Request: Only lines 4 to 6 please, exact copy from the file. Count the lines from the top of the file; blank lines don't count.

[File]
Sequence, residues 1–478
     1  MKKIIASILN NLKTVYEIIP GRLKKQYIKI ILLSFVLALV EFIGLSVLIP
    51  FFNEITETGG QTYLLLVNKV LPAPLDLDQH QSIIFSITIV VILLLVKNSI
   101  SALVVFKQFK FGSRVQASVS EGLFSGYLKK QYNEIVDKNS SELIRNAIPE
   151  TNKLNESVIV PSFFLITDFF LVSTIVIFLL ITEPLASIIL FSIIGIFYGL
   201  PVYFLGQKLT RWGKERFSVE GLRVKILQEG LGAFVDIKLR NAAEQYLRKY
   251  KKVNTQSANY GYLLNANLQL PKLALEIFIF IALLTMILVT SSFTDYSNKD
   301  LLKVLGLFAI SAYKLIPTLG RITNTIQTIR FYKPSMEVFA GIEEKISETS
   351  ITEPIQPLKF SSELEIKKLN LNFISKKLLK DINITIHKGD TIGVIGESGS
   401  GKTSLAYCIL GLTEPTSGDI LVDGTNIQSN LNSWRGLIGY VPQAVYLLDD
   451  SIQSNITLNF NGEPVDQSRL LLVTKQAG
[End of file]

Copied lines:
   101  SALVVFKQFK FGSRVQASVS EGLFSGYLKK QYNEIVDKNS SELIRNAIPE
   151  TNKLNESVIV PSFFLITDFF LVSTIVIFLL ITEPLASIIL FSIIGIFYGL
   201  PVYFLGQKLT RWGKERFSVE GLRVKILQEG LGAFVDIKLR NAAEQYLRKY